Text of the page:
Best-selling author Faith Hogan is keeping the faith during the lockdown, thanks to her Moy Valley haven in Ballina, Co Mayo.
“In many ways, the upsides for us are perhaps outweighing the downsides,” she says.
“I’m very much a home bird and being with my four children under the one roof, having the excuse to sit in the garden because the sun has managed to come out and read a book [is wonderful]. I also get to play tennis badly. We have a large garden and a dog that gets all the balls for us.”
Her main concern is her mum, who she describes as a “very young old person”.
“We’ll be popping in shopping and that’s it.”
The fear about cocooning, she says, “is that they would come out of this being an older person.”
Married to James and working part-time as an in-service manager for the disability sector, she somehow managed to write five books in 2019, including two crime novels under the name of Geraldine Hogan.
“I just think I’m blessed to be writing. I write very much like I think and as I speak.
It’s marketed as grown-up women’s fiction. I’m not a 20-year-old writing about flatshares in London. It would be more mature. There is quite a big market for it — thank god.
- Faith Hogan’s latest book, What Happened To Us, Head of Zeus, is available from April 30
What shape are you in?
It depends on who is asking. If it’s my GP — I’m grand. If it’s my sister, she knows I should move more, eat less and try to make more time for doing absolutely nothing – so there’s no point trying to tell her otherwise.
What are your healthiest eating habits?
I’m an all about the non-girl. So I don’t drink caffeine or alcohol and eat very little meat. But I love fruit, vegetables and nuts.
What are your guiltiest pleasures?
There is nothing nicer than an old black and white movie, a big bowl of ice-cream and the dog sprawled on the sofa beside me.
What would keep you awake at night?
I’m at an age where all my real worries are about others — either my family or friends. Of course, there are nights when I lie awake tormenting myself about silly things also, such a waste of beauty sleep.
How do you relax?
Unsurprisingly, I’m a big reader, so a comfy chair and a bit of peace and quiet and I’m happy out.
Who would you invite to your dream dinner party?
Anne Tyler, I adore her books; Alexandar McCall Smith, he’s very witty; Coco Chanel, yes, deceased, but still glamorous; and Meryl Streep so I could ask her about taking the lead role in the film adaptation of my next book.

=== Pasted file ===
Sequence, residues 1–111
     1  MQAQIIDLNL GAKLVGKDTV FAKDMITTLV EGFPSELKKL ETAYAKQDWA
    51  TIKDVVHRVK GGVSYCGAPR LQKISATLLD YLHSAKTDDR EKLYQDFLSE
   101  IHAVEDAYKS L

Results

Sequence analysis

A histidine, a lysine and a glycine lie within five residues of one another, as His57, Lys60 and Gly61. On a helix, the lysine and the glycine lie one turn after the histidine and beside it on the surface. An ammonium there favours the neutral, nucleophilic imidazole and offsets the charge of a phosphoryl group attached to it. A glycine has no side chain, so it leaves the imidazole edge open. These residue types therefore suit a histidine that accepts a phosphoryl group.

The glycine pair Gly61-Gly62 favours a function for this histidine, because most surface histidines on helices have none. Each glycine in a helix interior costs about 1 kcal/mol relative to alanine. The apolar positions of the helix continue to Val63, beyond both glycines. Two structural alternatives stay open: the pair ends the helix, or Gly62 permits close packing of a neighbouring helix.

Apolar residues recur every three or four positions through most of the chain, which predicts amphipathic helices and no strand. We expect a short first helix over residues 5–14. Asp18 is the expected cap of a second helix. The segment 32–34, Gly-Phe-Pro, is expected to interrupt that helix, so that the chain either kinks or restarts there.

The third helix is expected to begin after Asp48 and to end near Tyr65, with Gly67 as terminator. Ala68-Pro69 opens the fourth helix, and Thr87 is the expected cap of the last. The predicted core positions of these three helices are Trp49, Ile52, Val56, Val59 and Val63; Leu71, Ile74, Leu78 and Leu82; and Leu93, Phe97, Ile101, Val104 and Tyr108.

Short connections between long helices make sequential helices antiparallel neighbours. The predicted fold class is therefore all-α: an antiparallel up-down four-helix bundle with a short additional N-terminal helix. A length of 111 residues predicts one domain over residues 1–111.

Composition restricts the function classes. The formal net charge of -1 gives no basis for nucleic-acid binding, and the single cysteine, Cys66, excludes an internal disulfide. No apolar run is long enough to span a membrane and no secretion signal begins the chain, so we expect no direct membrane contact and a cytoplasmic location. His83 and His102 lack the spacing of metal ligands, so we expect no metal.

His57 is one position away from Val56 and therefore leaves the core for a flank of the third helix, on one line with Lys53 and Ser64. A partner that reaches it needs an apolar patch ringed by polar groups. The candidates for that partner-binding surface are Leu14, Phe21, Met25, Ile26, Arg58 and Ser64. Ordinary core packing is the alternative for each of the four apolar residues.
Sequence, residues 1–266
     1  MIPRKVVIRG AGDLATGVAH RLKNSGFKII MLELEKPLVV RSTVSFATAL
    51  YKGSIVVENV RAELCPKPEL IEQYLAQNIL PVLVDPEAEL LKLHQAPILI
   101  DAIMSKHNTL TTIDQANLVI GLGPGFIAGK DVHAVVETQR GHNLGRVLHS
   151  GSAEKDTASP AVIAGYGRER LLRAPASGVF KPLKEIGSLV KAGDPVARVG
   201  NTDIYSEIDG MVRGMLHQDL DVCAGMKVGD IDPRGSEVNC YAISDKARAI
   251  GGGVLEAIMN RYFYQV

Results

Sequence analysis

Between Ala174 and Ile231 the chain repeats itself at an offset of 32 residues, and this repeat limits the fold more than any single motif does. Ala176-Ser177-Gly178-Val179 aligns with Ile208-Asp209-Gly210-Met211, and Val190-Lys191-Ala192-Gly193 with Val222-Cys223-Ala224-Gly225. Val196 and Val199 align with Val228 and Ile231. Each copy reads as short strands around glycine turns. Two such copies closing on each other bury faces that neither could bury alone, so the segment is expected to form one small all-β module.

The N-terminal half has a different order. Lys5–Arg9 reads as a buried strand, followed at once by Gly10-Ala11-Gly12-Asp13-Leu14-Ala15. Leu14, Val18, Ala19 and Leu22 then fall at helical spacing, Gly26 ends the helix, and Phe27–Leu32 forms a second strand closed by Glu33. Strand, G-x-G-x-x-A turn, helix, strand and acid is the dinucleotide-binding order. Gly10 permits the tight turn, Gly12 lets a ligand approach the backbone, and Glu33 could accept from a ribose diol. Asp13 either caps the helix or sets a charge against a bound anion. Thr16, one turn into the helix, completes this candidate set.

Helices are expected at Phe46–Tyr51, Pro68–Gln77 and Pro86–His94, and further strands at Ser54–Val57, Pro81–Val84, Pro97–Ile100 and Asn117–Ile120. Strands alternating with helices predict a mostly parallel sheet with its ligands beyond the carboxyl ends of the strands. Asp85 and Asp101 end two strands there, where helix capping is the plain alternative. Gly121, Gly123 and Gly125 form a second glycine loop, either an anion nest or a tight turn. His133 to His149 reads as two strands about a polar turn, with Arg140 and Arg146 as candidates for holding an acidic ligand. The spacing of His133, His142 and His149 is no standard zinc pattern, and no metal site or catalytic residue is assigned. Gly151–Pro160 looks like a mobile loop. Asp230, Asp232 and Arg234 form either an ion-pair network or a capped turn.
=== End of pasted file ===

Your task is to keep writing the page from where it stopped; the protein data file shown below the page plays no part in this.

What’s your favourite smell?
Wild lavender and fresh coffee.
What would you like to change about your appearance?
I wouldn’t say no to the fairy god mother who offered to wipe 10 years off my laughter lines. However, I’m not prepared to sacrifice even one of those memories for the most flawless skin.
When is the last time you cried?
I’m delighted to say, I can’t remember. Although, just yesterday on Twitter a post came up where a woman was holding her dying mother’s hand — there was nothing for it, but to write something completely inadequate and say a little prayer.
What traits do you least like in others?
I find negativity hard going, so I tend to move along quickly if I can.
What traits do you least like about yourself?
I tend to go along with things just to keep everyone happy — it feeds into my whole non-competitive vibe. I’m not sure it’s my most self-serving trait.
Do you pray?
Yes — although, as I grow older, the way I pray has changed. Rather than a one-man show, my conversations tend to be with a creator far more fluid, perhaps it’s a reflection of the times we’re living in.
What would cheer up your day?
Dog daisies on a summer day — they are optimism sheathed in a green stem and a happy face.
Where is your favourite place in the world?
That would have to be right here, in my own sitting room. I love a holiday as much as the next woman, but as Dorothy says in The Wizard of Oz — there’s no place like home.
What quote inspires you the most?
‘You get a lot more out of life if you spread honey instead of vinegar.’ I’m not sure who said it, but it’s been my mantra for as long as I can remember. Other people might say, it’s better to be kind, but I think, it’s the same thing. We need to choose our words carefully because there really is no taking them back.